By Altmuslim Editors
Impossible is just a big word thrown around by small men who find it easier to live in the world they’ve been given than to explore the power they have to change it. Impossible is not a fact. It’s an opinion. Impossible is not a declaration. It’s a dare. Impossible is potential. Impossible is temporary. Impossible is nothing.
The day I met Islam, I found a power within myself that no man could destroy or take away. When I first walked into the mosque, I didn’t find Islam; it found me. — Muhammad Ali, January 17, 1942 – June 3, 2016
Pick your favorite quote. Pick your favorite story, favorite recollection, favorite mental image. Maybe you don’t have a favorite. Maybe all of him was too good to boil down to one or a few wonderful attributes.
The world lost another giant – boxing legend Muhammad Ali, who died at the age of 74 after battling Parkinson’s disease for several years. Wrote Robert Lipsyte in The New York Times:
Ali was the most thrilling if not the best heavyweight ever, carrying into the ring a physically lyrical, unorthodox boxing style that fused speed, agility and power more seamlessly than that of any fighter before him.
But he was more than the sum of his athletic gifts. An agile mind, a buoyant personality, a brash self-confidence and an evolving set of personal convictions fostered a magnetism that the ring alone could not contain. He entertained as much with his mouth as with his fists, narrating his life with a patter of inventive doggerel. …
Ali was as polarizing a superstar as the sports world has ever produced — both admired and vilified in the 1960s and ’70s for his religious, political and social stances. His refusal to be drafted during the Vietnam War, his rejection of racial integration at the height of the civil rights movement, his conversion from Christianity to Islam and the changing of his “slave” name, Cassius Clay, to one bestowed by the separatist black sect he joined, the Lost-Found Nation of Islam, were perceived as serious threats by the conservative establishment and noble acts of defiance by the liberal opposition.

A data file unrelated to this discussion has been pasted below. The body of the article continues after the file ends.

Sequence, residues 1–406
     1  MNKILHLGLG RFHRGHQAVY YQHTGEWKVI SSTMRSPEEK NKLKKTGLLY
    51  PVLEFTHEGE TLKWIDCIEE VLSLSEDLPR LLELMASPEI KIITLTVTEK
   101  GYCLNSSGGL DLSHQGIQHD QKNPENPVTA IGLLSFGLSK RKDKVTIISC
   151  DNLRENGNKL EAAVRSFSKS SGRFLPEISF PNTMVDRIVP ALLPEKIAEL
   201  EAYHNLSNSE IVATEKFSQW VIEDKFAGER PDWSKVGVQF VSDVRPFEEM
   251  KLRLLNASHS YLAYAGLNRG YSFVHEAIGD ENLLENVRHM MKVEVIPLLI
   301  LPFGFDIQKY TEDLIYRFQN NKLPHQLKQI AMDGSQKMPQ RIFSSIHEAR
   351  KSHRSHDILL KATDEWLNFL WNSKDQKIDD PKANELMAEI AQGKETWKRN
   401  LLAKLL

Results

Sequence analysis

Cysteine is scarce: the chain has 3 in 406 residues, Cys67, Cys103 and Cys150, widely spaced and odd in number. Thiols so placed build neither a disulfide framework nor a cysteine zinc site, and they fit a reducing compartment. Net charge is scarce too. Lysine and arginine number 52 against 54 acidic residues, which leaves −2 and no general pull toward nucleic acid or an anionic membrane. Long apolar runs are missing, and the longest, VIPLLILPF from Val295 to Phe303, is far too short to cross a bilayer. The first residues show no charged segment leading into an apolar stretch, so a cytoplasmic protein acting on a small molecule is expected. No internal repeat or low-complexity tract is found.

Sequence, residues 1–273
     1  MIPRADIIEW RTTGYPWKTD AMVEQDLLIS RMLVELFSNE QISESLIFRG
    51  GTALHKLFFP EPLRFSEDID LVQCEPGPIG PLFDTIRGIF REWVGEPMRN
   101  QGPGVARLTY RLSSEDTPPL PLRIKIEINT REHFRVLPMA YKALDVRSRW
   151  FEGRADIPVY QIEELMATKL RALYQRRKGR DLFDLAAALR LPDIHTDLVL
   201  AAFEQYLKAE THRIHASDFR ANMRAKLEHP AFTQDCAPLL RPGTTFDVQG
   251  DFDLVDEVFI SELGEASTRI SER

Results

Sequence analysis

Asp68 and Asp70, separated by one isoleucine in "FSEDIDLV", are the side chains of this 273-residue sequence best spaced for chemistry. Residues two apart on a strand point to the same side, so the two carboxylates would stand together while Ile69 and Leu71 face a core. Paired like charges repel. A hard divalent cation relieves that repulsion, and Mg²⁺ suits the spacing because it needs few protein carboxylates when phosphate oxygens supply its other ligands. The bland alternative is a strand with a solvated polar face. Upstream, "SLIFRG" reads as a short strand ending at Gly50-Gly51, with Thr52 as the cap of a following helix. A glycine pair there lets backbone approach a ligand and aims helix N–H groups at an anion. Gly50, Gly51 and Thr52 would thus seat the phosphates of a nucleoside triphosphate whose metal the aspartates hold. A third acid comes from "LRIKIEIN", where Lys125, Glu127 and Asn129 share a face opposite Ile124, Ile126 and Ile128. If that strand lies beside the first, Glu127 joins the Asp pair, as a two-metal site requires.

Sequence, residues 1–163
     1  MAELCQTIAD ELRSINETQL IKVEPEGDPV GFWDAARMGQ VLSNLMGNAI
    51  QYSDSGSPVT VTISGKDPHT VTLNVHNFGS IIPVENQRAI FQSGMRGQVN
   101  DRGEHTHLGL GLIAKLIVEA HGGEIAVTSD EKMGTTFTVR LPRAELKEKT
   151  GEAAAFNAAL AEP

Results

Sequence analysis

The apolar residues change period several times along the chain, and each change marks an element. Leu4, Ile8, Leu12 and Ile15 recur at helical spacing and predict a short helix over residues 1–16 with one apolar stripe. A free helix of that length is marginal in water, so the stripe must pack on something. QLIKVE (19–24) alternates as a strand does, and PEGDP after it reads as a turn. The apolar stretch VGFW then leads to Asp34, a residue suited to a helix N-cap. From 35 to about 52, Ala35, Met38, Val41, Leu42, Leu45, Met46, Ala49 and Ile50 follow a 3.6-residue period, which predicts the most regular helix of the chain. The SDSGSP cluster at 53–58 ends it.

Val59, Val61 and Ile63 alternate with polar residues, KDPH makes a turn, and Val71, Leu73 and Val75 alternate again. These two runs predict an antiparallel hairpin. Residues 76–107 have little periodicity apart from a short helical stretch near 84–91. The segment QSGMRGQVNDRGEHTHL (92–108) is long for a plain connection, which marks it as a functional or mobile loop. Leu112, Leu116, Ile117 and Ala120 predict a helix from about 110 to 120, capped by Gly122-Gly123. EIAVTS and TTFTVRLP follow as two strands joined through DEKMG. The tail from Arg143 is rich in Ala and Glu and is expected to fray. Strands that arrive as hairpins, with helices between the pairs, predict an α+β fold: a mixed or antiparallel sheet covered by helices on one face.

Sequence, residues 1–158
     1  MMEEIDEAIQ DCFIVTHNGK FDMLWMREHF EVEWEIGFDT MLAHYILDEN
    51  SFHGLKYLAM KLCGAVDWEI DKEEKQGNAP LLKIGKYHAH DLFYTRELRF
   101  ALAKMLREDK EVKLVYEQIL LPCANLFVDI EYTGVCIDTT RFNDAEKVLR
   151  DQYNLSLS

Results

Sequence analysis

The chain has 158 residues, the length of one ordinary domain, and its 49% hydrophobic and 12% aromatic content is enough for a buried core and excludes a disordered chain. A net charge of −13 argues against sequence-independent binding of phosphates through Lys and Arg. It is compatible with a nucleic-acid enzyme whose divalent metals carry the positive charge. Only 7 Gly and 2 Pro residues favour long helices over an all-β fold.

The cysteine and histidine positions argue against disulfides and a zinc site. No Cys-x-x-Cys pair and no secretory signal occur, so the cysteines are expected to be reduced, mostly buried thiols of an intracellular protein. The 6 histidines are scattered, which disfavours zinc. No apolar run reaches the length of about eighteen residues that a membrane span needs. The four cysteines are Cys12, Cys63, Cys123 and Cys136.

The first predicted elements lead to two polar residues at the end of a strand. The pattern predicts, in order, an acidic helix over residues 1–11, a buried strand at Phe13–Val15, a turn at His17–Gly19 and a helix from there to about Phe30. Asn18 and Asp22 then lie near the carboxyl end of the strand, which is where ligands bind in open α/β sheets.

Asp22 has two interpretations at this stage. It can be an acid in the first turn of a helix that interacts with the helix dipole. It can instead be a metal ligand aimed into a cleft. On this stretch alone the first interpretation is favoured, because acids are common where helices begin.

Loved or hated, he remained for 50 years one of the most recognizable people on the planet.
Among Muslims, oh was he loved. So loved. Wrote Kameelah Mu-Min Rashad of the Muslim Wellness Foundation:
As descendants of enslaved Africans, we often silently mourn the loss of our native tongue, our heritage, our very identities due to enslavement and centuries of brutality. Yet, great individuals like Muhammad Ali remind us of the enduring resilience, faith and joy of our ancestors. He embodies their amazingly timeless spirit of truth, confidence and spiritual conviction in the face of bigotry and hate. He remains for me, a symbol of what it means to be unapologetically Black and Muslim in America.
Shahed Amanullah, founder of Altmuslim and co-founder and director of Affinis Labs, remembered Ali and wrote this:
I had the opportunity a few years ago to tell Muhammad Ali a story from my childhood. He had entered my mosque in Los Angeles accompanied by several adults who were vying for his attention. He saw a bunch of us by the side, stopped his delegation, came up to us and engaged with us in conversation, doing magic tricks and making sure we all had some face time with him before moving on to his meeting.This is the essence of the man we just lost today. He had many worldly achievements, but he never lost sight of who he was and what his relationship was with humanity. He’s quoted as saying “the service you do for others is the rent you pay for your room here on Earth”, and he lived this to his last, most recently through the work of the Muhammad Ali Center, which teaches children of all backgrounds the values that made him who he was.